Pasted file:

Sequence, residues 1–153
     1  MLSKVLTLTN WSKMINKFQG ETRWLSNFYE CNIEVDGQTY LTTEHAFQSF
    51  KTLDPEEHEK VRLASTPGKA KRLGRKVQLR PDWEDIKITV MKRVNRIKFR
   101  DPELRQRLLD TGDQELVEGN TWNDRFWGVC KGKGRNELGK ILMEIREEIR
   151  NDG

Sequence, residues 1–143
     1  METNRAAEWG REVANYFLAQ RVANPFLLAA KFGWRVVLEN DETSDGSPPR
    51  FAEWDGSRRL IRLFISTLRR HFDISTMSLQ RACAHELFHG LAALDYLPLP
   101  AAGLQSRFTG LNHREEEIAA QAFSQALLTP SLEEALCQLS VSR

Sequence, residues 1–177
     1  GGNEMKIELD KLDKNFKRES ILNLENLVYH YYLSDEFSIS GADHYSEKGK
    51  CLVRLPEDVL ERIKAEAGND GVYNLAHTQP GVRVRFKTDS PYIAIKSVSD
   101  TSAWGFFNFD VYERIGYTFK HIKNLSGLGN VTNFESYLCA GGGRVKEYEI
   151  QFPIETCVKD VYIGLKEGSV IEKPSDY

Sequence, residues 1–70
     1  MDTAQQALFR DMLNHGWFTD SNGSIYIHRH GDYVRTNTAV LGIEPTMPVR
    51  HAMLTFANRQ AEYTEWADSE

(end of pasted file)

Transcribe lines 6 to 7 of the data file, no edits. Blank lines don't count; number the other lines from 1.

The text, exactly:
Sequence, residues 1–143
     1  METNRAAEWG REVANYFLAQ RVANPFLLAA KFGWRVVLEN DETSDGSPPR